‘Radioactive’ is a Clumsy but Creative Look at the Life of Marie Curie

A still from the film 'Radioactive'. Marie Curie (Rosamund Pike) is wearing a black, late 19th century dress with a small peter pan collar. Her blonde, frizly hair is pinned high up on her head. She is doing some form of experiment, pouring a liquid from a scientific beaker into another container.
Amazon Studios

Though the film was able to hold its UK premiere in early March, Radioactive may be better suited for the VOD platform it has been moved to following lockdown and perhaps pushed by its disappointing press response. The film comes from the Oscar-nominated director Marjane Satrapi of Persepolis, an animated feature based on the graphic novel of her own memoir. Perhaps less well-known, this is not Satrapi’s first live-action feature, and the creativity of her visual language suggests that the real roadblock of the film is Jack Thorne’s script (adapted from the graphic novel by Lauren Redniss). In its haste to tell Curie’s entire life story, it misses out truly capturing what made her so brilliant as a scientist.

Beginning in the 1870s, where Polish-born Marie Sklodowska witnesses her mother’s death in a hospital, Radioactive tells the tale of one of the world’s most important scientists more commonly known as Marie Curie, the woman who won two Noble Prizes, and developed potential treatments for cancer. Expanding out into her personal affairs as well as the work that led to the discovery of two new elements, and the theory of radioactivity that changed the landscape of science altogether, the film jumps forward and backwards in time, showing us the ‘pandora’s box’ Curie’s discovery had upon the world.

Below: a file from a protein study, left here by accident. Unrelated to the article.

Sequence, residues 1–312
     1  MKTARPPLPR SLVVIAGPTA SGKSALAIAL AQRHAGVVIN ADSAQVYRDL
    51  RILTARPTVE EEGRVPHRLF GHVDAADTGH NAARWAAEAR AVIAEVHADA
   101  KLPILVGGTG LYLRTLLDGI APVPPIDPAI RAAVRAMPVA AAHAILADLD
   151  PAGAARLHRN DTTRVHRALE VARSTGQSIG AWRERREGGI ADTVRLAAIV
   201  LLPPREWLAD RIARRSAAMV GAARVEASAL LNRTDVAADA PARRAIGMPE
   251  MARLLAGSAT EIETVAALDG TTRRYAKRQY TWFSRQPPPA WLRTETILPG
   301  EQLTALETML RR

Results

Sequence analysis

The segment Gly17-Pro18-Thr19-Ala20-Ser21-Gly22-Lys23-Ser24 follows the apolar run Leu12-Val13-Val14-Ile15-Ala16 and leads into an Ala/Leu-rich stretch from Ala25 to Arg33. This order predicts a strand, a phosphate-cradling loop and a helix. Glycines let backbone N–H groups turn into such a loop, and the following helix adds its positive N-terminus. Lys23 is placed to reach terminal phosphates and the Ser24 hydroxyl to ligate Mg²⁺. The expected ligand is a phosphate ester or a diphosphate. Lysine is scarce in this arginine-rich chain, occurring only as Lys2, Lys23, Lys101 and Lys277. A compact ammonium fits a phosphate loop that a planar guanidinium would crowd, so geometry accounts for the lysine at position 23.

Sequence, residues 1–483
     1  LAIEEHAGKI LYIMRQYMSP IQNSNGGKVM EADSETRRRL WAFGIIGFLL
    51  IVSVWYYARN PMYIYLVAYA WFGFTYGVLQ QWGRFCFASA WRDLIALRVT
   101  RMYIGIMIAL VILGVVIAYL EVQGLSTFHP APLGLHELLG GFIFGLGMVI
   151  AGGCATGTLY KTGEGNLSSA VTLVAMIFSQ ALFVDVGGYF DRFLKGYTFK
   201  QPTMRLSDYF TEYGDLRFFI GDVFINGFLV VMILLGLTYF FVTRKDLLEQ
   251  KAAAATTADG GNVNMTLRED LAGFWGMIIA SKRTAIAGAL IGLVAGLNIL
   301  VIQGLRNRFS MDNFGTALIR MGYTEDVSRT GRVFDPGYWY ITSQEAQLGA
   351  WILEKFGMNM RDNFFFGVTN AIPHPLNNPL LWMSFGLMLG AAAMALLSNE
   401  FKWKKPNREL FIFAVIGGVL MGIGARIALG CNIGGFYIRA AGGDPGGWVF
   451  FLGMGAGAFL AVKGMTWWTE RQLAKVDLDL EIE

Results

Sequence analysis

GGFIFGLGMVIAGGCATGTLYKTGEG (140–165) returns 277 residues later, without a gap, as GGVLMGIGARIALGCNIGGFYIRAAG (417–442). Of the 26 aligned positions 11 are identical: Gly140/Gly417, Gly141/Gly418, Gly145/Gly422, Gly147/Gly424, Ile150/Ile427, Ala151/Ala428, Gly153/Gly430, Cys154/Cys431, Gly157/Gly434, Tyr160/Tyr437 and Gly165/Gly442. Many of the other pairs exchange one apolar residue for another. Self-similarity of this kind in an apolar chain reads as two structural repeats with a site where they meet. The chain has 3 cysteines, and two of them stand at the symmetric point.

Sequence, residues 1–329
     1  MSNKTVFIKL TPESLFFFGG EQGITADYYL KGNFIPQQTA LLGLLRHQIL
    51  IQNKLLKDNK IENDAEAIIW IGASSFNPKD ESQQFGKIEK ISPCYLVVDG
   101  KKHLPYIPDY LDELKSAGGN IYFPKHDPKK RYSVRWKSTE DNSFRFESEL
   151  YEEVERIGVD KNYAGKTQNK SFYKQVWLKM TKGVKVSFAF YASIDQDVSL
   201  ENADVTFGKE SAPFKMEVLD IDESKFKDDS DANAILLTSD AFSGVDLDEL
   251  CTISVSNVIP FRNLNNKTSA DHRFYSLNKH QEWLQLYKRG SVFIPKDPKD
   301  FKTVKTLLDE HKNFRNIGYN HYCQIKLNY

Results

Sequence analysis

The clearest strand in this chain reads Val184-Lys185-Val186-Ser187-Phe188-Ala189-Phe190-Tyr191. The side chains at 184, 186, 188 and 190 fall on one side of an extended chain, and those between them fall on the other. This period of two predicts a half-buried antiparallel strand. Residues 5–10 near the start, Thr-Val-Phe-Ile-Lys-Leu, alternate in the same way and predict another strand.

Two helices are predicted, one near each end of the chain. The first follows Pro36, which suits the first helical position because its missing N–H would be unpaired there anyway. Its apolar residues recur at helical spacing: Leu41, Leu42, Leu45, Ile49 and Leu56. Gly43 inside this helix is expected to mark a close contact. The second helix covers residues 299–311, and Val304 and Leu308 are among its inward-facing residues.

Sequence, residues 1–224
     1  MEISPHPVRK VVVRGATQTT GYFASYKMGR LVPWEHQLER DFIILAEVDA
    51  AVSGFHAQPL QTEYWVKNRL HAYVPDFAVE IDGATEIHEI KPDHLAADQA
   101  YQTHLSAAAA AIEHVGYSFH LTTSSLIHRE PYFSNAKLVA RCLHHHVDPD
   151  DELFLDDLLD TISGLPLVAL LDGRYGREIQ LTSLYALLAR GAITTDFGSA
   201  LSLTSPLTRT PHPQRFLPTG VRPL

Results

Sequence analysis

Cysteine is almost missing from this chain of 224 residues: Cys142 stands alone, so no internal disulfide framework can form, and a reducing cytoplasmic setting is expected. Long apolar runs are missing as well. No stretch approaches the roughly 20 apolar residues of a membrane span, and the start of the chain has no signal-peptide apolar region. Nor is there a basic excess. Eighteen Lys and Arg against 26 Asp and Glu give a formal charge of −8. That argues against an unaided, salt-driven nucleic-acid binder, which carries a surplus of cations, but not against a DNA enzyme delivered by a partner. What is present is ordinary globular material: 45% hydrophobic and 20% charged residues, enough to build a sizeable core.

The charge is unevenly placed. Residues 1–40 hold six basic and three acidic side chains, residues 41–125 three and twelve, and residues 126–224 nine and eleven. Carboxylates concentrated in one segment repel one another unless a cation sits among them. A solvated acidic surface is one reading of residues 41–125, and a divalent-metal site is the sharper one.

The film’s aesthetic is a strong point, using lenses and colour leaning towards the feel of early cinema with an edge of the science fiction in its green (radioactive) tinged vignettes to create an almost otherworldly perspective that gets us closer to Curie’s way of thinking. Rosamund Pike herself is unsurprisingly an anchor as the pleasantly awkward renowned scientist, though this characteristic does make her flounder in some of the more talky scenes. But the extensive research the actress put in before production (to the point where she was even correcting Satrapi on the scientific details) comes across, and her skill is convincing.